More so than The Golden Compass, Lyra and Will are mostly on their own in this story as they explore a world that's not their own. Mary Malone and Lyra form a friendship, and Mary's influence will be even more significant in the third book.
Will Parry eventually learns that his father, John Parry, has found a portal to other worlds as well. The elder Parry has learned much in his 10 years traveling between worlds, becoming, in his own words, a shaman. He says of his new capabilities, "As a shaman, I can discover things in the spirit where I cannot go in the body, and I spent much time in trance, exploring that world." The narrator describes the witch Serafina Pekkala's occult and pagan powers in more detail: "She could track any animal, catch any fish, find the rarest of berries; and she could read the signs in the pine marten's entrails, or decipher wisdom in the scales of a perch, or interpret the warnings in the crocus pollen; but these were children of nature, and they told her natural truths. The witch also casts a long spell of healing that begins with her saying, "Blood! Obey me! Turn around, be a lake and not a river." The spell involves apparently sacrificing a hare (which is later restored to life). Mary Malone, the ex-nun, has apparently lost most of her belief in good and evil ("D'you know how embarrassing it is to mention good and evil in a scientific laboratory? ... One of the reasons I became a scientist was not to have to think about that kind of thing"). She also establishes contact with dark matter particles, a.k.a. Dust, and finds that they actually have consciousness. Evolution plays an increasingly prominent role in explaining how Dust coalesced into the first sentient beings. Specters are described as something like "soul vampires" that devour the souls of their adult victims and leave people wandering around aimlessly, like zombies, after they've been attacked. Lyra continues to consult the alethiometer. Likewise, Will must enter a trance-like state to use the subtle knife.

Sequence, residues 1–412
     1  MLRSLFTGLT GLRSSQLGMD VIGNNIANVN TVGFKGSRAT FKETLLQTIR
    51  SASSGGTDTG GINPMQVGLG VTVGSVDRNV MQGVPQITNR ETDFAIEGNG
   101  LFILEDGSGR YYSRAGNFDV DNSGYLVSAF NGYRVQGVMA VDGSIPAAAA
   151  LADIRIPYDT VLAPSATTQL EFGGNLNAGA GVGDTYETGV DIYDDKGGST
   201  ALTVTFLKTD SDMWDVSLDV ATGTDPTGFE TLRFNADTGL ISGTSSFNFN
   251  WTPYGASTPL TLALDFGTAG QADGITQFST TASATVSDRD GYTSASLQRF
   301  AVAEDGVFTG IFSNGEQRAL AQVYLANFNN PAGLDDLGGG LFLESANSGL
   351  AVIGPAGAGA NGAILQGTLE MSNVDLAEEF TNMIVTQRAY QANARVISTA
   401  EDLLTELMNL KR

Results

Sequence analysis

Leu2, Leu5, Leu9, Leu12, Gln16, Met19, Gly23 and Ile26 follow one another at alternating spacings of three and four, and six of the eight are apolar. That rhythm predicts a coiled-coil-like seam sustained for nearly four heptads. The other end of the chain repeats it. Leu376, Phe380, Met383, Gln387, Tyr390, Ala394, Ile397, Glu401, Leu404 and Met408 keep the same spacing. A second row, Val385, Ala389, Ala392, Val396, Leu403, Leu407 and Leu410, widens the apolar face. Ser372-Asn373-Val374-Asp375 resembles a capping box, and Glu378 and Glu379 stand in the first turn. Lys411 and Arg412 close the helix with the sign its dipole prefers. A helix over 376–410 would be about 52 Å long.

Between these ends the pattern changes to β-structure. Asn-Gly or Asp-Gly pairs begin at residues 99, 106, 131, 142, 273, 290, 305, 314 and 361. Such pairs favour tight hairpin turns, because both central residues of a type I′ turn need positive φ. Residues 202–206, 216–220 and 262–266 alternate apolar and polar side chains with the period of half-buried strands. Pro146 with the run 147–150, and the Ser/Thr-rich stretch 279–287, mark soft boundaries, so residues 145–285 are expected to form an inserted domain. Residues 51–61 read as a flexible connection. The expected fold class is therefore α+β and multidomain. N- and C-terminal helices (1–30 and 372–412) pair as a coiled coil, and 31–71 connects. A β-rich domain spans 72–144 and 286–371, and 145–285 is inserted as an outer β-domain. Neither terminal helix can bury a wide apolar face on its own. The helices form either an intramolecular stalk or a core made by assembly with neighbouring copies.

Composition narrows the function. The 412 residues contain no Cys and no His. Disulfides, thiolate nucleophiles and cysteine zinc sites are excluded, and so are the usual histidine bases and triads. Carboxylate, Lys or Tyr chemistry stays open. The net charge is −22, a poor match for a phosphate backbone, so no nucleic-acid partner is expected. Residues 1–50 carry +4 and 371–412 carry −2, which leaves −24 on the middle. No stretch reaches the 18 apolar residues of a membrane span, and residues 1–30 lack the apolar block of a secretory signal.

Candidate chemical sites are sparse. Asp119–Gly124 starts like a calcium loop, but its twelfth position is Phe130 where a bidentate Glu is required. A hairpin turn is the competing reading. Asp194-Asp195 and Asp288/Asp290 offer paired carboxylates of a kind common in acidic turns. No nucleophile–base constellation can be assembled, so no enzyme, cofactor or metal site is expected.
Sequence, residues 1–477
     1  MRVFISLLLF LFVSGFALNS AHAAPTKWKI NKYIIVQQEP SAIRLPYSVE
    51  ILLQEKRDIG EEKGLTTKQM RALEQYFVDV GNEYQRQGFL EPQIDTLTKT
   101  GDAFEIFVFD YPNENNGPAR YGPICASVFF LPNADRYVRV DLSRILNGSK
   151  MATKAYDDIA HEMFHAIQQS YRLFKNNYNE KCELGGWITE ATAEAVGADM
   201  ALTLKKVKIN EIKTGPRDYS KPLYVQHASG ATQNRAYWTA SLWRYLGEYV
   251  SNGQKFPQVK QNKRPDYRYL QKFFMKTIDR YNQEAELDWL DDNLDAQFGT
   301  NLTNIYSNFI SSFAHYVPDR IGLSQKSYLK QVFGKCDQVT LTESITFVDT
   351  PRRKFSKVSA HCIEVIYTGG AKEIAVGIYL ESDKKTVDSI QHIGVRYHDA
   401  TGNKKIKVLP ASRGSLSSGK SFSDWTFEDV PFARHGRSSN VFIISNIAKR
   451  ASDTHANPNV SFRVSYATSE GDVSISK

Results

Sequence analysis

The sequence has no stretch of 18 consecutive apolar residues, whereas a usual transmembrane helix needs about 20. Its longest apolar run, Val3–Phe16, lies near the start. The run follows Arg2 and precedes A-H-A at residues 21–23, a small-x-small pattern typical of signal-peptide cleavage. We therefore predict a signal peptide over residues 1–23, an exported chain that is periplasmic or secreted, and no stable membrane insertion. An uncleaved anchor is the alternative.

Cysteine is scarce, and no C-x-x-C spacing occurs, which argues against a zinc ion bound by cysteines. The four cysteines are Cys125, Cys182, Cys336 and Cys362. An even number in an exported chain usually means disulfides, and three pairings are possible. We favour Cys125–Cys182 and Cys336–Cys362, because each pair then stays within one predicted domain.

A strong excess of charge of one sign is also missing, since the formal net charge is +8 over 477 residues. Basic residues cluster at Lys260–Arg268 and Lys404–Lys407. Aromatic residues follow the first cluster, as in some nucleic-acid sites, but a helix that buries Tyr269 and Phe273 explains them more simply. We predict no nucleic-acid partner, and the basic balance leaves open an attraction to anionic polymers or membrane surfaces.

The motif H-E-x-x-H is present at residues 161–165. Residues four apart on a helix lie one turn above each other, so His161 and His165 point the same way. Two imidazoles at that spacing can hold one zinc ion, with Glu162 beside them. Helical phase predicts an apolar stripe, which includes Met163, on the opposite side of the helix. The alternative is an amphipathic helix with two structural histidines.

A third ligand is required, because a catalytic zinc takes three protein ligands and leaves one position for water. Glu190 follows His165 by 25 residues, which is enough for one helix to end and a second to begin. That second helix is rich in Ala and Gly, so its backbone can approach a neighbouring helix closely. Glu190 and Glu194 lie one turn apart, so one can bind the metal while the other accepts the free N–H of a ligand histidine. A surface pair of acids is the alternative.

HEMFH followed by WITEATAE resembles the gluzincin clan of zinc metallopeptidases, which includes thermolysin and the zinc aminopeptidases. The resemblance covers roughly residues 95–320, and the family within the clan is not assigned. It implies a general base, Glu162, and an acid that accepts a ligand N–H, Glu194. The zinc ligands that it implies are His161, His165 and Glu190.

Mr. Lee Scoresby continues to occasionally use the words h--- and d--n. Will loses two fingers in a battle for the knife and has to keep rewrapping bandages on his bloody hand for the remainder of the story. The use of a hare in a witches spell involves slicing open its stomach ("The animal was panting, wild-eyed, kicking furiously, but the witch's hands were merciless. In one she held its forelegs and with the other she grasped its hind legs and pulled the frenzied hare out straight, its heaving belly upward. Serafina's knife swept across it. ... The real hare fell still, eyes bulging, breast heaving, entrails glistening"). There's more fighting and killing overall in The Subtle Knife than there was in The Golden Compass.
There's a veiled allusion to a witch named Ruta Skadi having sex with Lord Asriel.
Parents' Choice Gold Book Award, an ALA Best Book for Young Adults, Booklist Editors' Choice, a Publishers Weekly Best Book of the Year
If your children have read this book or someone has read it to them, consider these discussion topics:
AUTHORITY OF SCRIPTURE